W3C home > Mailing lists > Public > w3c-wai-ig@w3.org > October to December 2000

PGP MIME Email [was: Re: inaccessible site due to css [was: Re: Politics: Strict Guidelines Considered Harmful]]

From: Chris Croome <chris@webarchitects.co.uk>
Date: Tue, 19 Dec 2000 18:23:09 +0000
To: w3c-wai-ig@w3.org
Message-ID: <20001219182309.A9116@webarchitects.co.uk>

Two Outlook using members of the list have emailed me saying that they
can't read my messages.

I have never seen Outlook but from what has been reported to me I
understand that it has been designed in a way that forces users to open
PGP MIME email in Notepad rather then allowing users to view it

I have had reports from some Outlook users that multi-part PGP MIME
email is OK -- so this email has an extra attachment which should enable
Outlook users to read this, and my last message -- see below.

I'm not sure what to do in the future, I'm reluctant to stop PGP signing
all me email because if it's not all signed what's the point of signing


On Tue 19-Dec-2000 at 04:48:59 +0000, Chris Croome wrote:
> Hi
> On Tue 19-Dec-2000 at 08:44:43 -0500, Bailey, Bruce wrote:
> > (2)  Most of use have seen sites that were inaccessible because of the use
> > of <font> and the like.  Can you cite one real-world reference where valid
> > CSS was used but the results decreased accessibility?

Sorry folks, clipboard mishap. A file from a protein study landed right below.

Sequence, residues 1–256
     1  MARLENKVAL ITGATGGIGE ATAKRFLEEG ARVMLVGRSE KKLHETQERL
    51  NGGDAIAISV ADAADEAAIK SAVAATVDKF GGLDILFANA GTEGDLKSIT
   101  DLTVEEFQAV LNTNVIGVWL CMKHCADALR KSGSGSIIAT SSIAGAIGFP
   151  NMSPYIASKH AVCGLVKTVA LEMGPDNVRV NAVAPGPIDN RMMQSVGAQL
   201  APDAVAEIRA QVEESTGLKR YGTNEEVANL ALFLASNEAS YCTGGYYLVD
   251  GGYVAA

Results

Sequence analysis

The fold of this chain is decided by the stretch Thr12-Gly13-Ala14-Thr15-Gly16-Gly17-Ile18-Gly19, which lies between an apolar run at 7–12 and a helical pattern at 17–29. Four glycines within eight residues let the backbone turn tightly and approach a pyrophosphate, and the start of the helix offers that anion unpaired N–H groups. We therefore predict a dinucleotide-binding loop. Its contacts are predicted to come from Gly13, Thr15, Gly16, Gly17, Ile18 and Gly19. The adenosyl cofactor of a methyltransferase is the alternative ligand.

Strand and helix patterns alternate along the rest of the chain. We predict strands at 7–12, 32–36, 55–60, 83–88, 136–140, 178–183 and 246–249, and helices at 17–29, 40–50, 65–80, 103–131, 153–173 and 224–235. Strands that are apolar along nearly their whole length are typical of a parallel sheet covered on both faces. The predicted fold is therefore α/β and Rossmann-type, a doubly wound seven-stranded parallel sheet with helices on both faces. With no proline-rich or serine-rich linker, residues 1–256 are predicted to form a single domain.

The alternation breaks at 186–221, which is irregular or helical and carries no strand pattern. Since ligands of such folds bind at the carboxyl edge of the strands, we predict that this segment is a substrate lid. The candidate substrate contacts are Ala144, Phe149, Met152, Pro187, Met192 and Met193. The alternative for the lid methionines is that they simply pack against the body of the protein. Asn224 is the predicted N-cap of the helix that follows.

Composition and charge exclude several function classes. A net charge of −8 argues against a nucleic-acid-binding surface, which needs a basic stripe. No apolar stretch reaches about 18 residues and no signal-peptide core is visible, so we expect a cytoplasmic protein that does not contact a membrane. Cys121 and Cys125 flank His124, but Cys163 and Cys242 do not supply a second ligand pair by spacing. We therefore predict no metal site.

> I'm sorry to say that I can :-(
> The AltaVista help pages:
> http://doc.altavista.com/adv_search/ast_haw_index.html
> Valid CSS:
> http://jigsaw.w3.org/css-validator/validator?uri=http://doc.altavista.com/adv_search/ast_haw_index.html&warning=2
> In Netscape 4 in Linux the use of point sizes for the main body of the
> text and the links in the margin makes it totally unreadable (I know
> this is not WAI compliant!).
> When CSS is turned off the main body is readable but the links in the
> margin are not (blue on blue) since the table cells colours are set
> using bgcolor and the links are made white using css. Netscape 3 will
> have this problem as well. 
> If they had used <font color="#FFFFFF"> in the left margin then these
> pages would be even more of an example of CSS making things worse.
> The problem is basically caused by Netscape4 (and especially NN in
> Linux) being totally crap, but I do think it's a case of CSS making a
> site less accessible. 
> I came to the conclusion a while ago that the only sensible thing to do
> with text sizes is not to set them _at all_, not using font tags, not
> using css -- use structural mark-up and leave all the sizes to the user
> agent (apart from print media css where I do use point sizes). 
> Chris

Chris Croome <chris@webarchitects.co.uk>
work: http://www.webarchitects.co.uk/
play: http://chris.croome.net/

Received on Tuesday, 19 December 2000 13:22:58 UTC

This archive was generated by hypermail 2.3.1 : Tuesday, 13 October 2015 16:21:10 UTC